Kleefeld on Webcomics #23: REAL Retroactive Continuity

By Sean Kleefeld

For comics that have been running for years or even decades, the notion of retroactive continuity has been one that’s frequently been embraced as a means to keep characters relevant with the times. For example, Iron Man’s original debut in 1963 was decisively tied to the Vietnam War but almost four decades later, much of his audience is too young to have any real knowledge, let alone appreciation, of that conflict, so the character’s origin was updated to take place during the Gulf War of the early 1990s and then again to Afghanistan. Those are more contemporary references and, at least in theory, more relateable to 21st century audiences.

Generally, this type of update is handled with a “retcon.” It’s usually a simple retelling of the original sequence with some of the details changed. In some cases, it might just be a simple re-wording, in others, there might be inherent design alterations. But whatever the changes, they have to be put out in a new document. Which means that there have been a number of different comics published that tell different origins of Iron Man. Depending on which one a person happens to read, they might come away with a very different perception of how Tony Stark first created his armor.

Webcomics have an advantage in this regard. The art pages are stored on the creator’s own website, and are not (usually) saved by the individual reader. Which means that if someone -- anyone -- wants to go back to read the initial installments, they’re all going to refer to the exact same piece of art stored online. But that piece of art is controlled by the creator, and can be changed.

Sean T. Collins and Matt Wiegle started Destructor towards the tail end of last year. The story was progressing along smoothly when, with their last update in June, Collins noted that the previous two pages had been altered to better coincide with the latest page. Going back through the comic, of course, simply yielded the modified pages; had Collins not said anything, it’s unlikely many people would have noticed. Intrigued, and armed with some wicked Google-Fu skilz, I was able to uncover what had been altered.

The change is relatively simple and seemingly inconsequential: switching the glowy yellow bits to glowy red bits. But whatever the reasoning behind it, it’s a change that won’t have anyone questioning why the energy changes color between pages. It’s only through a fair amount of effort that one’s able to track down the original image and make a comparison. If someone did remember, “Hey, weren’t those glowy bits yellow before?” checking against the existing pages would never show that; it would only present the updated art in red. It’s only because Collins pointed out a change that I thought to even look into it.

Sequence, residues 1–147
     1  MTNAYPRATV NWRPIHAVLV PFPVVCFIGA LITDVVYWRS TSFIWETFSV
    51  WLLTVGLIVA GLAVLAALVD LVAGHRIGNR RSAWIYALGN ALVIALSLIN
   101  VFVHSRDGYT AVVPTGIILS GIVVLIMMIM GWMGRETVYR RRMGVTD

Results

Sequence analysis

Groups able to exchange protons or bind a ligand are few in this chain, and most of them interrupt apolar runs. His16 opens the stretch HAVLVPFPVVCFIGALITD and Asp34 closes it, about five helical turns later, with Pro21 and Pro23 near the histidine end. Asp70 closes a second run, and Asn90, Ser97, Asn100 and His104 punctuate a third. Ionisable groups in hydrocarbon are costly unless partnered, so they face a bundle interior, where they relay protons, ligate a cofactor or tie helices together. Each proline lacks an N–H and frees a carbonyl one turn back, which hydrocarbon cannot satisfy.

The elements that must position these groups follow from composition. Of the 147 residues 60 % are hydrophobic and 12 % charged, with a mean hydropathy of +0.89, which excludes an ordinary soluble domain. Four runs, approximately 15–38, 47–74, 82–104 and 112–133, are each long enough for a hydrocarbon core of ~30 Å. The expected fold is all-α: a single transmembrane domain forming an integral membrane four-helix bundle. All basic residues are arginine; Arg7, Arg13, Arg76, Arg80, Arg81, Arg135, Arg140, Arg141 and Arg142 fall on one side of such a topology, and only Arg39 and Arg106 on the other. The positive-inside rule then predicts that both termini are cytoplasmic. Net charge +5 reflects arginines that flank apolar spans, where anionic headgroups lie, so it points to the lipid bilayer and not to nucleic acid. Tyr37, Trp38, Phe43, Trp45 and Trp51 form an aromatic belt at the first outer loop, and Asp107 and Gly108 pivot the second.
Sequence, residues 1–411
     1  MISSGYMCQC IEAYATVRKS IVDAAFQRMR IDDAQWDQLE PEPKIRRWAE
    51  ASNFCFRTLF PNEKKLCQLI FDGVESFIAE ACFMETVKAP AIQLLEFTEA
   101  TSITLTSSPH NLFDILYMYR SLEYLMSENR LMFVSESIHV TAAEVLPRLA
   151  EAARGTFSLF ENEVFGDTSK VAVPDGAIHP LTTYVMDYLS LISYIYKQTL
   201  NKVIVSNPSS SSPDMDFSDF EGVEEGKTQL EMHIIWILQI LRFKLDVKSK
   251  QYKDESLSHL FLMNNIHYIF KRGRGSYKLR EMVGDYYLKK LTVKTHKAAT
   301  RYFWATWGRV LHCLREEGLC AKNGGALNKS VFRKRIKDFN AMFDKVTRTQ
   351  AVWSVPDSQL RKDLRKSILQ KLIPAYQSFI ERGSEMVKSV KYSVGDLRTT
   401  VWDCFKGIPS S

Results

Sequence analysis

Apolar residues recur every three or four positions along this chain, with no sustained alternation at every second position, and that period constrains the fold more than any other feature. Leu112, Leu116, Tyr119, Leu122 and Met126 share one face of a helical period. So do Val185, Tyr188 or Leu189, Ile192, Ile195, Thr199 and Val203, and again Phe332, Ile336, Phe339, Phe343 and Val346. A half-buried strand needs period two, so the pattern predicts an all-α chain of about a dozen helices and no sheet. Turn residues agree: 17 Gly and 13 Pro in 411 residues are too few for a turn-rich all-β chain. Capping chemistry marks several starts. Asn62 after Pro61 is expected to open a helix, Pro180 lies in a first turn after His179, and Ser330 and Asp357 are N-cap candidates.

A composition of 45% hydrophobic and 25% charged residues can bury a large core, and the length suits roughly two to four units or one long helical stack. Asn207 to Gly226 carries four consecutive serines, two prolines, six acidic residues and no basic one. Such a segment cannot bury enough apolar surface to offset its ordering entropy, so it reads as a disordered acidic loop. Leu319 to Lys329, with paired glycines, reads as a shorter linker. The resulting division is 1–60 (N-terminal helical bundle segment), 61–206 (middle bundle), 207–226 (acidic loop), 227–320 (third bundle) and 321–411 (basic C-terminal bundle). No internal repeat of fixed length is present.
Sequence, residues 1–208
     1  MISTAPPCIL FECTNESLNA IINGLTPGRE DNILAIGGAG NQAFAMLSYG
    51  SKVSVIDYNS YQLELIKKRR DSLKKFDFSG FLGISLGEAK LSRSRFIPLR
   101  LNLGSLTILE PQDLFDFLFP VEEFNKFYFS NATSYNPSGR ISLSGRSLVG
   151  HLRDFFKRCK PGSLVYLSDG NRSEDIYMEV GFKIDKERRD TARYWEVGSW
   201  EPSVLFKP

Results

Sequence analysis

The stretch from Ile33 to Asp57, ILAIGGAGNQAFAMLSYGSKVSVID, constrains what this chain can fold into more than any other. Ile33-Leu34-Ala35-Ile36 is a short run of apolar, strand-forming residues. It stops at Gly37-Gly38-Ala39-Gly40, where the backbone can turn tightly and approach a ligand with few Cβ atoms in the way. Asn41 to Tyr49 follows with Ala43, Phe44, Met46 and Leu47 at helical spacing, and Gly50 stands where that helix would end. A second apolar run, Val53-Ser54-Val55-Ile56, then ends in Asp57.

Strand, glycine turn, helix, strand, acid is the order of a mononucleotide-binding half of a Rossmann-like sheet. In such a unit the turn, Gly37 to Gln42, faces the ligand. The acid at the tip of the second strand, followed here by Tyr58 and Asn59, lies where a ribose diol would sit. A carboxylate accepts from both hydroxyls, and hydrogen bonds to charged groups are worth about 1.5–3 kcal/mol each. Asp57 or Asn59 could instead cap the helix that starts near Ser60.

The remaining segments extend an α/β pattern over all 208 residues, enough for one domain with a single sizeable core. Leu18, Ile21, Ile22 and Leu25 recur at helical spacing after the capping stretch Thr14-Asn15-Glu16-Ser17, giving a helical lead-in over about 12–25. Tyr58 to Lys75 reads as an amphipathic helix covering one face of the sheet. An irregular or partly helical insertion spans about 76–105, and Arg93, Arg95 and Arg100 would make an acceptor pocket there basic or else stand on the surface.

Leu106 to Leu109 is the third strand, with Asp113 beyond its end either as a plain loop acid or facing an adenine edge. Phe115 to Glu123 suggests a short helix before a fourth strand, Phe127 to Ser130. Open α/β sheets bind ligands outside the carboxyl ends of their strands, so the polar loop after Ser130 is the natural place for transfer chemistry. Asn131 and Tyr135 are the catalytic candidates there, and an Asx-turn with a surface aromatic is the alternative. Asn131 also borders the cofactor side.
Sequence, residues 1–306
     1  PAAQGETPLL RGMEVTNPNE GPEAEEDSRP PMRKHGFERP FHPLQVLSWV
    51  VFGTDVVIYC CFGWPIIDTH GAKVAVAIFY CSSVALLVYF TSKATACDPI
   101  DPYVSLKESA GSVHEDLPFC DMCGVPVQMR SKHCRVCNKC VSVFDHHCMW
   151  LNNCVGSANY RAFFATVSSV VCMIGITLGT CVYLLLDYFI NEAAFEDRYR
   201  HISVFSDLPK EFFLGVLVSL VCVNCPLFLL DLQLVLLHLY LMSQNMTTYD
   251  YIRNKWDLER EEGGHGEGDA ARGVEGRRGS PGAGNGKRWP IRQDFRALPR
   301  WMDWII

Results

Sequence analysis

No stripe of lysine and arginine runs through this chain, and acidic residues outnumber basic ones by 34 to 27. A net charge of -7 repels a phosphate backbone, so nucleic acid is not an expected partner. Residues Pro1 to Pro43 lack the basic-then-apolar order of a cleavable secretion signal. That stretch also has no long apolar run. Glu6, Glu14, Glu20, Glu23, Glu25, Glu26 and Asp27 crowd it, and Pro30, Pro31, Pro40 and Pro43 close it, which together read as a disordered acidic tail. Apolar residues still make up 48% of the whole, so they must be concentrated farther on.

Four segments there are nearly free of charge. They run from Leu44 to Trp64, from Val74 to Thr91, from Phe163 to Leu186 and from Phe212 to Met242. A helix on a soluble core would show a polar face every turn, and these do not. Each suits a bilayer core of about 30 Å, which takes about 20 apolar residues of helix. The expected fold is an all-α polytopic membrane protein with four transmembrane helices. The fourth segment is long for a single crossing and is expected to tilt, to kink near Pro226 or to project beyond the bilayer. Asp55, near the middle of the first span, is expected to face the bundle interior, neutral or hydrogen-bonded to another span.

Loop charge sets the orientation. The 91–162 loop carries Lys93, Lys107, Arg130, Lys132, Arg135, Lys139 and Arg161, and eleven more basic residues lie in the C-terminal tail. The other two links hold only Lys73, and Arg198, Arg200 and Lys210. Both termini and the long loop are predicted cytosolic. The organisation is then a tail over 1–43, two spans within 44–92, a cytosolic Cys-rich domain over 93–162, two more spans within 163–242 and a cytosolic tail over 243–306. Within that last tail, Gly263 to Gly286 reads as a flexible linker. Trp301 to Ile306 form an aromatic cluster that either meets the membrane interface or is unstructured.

Ethan Young’s Tails was changed, though, in an effort to remove questions about some of the character relationships. Young was repeatedly asked whether his protagonist was adopted because some readers felt he bore little resemblance to his parents. What Young realized was that readers were reacting to the parents’ white hair as if it were blonde, which contrasted sharply with the main character’s black hair. The mistake is somewhat understandable, as the comic is not colored, but Young received the question often enough that he decided to go back and tweak the parents’ appearance to more closely resemble their son’s.

Fortunately for Young, as you can see, simply changing the parents’ hair color makes a fairly significant visual change. And, although I haven’t followed up with him on this point specifically, I strongly suspect it has in fact dissuaded anyone else from asking about his character’s lineage. Because here again, a reader would to make a serious and concerted effort to track down the original art files to make a comparison.

It’s said that anything that goes online will be around forever, even if you delete it. I was working with that very principle, in fact, to track down the original art files for these two examples. But the effort needed for that type of search is far beyond what the majority of readers might be willing to put forth. And it’s still infinitely easier than the almost impossible task of tracking down distributed copies of physical works just to make a slight story alteration!

Related Posts:

Kleefeld on Webcomics #22: Webcomics Of The 1700s

Kleefeld On Webcomics #21: The Speed Of Thought


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